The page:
WISER Girls Learn Coding & Design at Bootcamp in Nairobi

Last month, all of WISER’s senior class of girls traveled to Nairobi. Many of these girls were visiting the big city for the first time, but they weren’t just there to sight-see. Our senior class made the trek to Nairobi to participate in a week-long coding and design bootcamp with AkiraChix, an NGO aiming to develop a successful force of women in technology who will change Africa’s future.

For years, Nairobi has been a hub of innovation and technology in Africa. But girls in rural communities like Muhuru Bay rarely have access to the unique opportunities and ideas these hubs spark. That changed as WISER girls participated in the Akirachix bootcamp and were able to learn from Kenyan women in science, technology, engineering, and mathematics (STEM) and visit STEM hubs around the city.

Through the AkiraChix bootcamp, WISER girls learned about computer programming, graphic design, and robotics, then presented their own innovative ideas at the end of the week. The bootcamp emphasized hands-on problem-solving for local challenges, asking students to design creative technological solutions for problems in rural communities. Girls designed a vented space heater for small homes, a pothole repair device, a chimney-based stove to reduce respiratory disease, and a saltwater battery lamp.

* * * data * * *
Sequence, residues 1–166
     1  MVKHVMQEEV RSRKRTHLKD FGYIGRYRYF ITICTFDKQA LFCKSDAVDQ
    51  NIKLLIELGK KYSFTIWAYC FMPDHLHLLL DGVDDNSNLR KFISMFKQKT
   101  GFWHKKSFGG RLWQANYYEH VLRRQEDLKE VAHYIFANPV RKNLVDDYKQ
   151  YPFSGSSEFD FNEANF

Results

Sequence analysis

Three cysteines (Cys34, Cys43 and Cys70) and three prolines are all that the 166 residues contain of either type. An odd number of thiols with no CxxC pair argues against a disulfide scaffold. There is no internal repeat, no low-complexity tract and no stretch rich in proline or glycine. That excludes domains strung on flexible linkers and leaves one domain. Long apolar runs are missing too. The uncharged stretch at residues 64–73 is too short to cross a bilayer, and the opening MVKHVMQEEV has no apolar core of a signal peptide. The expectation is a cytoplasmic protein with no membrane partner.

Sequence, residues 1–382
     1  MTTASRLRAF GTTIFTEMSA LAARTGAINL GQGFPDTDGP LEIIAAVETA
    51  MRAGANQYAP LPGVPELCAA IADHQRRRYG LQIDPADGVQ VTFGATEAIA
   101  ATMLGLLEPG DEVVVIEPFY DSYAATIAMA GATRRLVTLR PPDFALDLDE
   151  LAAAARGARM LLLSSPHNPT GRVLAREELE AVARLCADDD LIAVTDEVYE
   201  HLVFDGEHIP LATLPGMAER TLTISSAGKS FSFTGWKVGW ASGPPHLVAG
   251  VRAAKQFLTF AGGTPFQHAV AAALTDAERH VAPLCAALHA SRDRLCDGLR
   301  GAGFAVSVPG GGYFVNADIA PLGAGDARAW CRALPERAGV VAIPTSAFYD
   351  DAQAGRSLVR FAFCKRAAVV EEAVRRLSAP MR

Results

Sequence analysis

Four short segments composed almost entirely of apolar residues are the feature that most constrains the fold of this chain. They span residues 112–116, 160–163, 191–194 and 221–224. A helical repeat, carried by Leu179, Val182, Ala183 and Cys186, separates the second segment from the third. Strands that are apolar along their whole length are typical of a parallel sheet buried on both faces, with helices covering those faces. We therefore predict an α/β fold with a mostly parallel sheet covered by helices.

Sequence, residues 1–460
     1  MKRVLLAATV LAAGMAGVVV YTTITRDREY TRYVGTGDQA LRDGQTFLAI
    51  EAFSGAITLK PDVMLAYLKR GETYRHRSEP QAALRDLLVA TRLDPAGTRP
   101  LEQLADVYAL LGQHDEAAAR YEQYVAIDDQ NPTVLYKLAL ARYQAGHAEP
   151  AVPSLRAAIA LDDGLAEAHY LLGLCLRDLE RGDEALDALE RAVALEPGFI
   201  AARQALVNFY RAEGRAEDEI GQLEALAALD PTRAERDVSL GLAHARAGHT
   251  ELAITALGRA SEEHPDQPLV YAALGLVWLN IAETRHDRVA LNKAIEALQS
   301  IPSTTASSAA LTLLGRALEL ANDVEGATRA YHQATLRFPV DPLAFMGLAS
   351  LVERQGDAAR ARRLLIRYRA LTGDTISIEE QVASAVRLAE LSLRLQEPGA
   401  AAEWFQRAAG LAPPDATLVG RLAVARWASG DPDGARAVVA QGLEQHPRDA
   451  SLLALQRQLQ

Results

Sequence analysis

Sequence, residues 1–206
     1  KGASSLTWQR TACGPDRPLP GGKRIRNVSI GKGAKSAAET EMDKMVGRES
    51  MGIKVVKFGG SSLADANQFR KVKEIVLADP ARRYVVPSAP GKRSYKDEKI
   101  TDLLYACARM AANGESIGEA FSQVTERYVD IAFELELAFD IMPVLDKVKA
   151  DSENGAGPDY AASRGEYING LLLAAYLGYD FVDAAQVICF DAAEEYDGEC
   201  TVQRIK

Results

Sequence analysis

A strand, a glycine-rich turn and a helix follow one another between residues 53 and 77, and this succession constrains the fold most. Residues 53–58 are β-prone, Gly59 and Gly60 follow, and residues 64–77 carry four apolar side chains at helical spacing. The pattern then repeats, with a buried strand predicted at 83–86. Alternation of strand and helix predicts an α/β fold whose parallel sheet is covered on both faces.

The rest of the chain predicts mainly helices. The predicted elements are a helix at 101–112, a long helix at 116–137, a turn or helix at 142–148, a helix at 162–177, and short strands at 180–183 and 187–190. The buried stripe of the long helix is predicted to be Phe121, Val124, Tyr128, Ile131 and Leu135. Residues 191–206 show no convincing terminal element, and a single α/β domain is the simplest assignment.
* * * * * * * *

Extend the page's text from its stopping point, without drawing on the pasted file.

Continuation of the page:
The WISER girls were thrilled with their experience, and the AkiraChix team left feeling inspired as well. Linda Kamau, Founder of AkiraChix, noted that, “The AkiraChix team had a great time seeing (the WISER girls) excited about technology and the opportunities available.”

After a week of creative problem-solving, WISER girls attended the Geek Girl Festival (#GGFest18), which brought together hundreds of girls from high schools across Kenya to introduce them to career opportunities in tech, expose them to women working in the tech industry, and provide leadership and mentorship.

Why is this so special? The majority of girls in Muhuru Bay are forced to drop out of school, get married, and have children before they turn 18. There are no role models of women in STEM outside of WISER’s campus or pathways to STEM careers.

WISER girls are not just staying in school — they’re becoming leaders and changemakers in their own right. They’re becoming design thinkers and creative problem-solvers. Being able to connect with dozens of Kenyan women programmers, app developers, and computer engineers was a unique and inspiring opportunity for our senior students as they consider their education and career steps after WISER.

Special Thanks to the Pentair Foundation, who made this opportunity possible with a generous grant to support the expansion of STEM opportunities at WISER. Stay tuned to learn more about how Pentair is helping WISER grow into a hub for technology and innovation, empowering girls in new and exciting ways.

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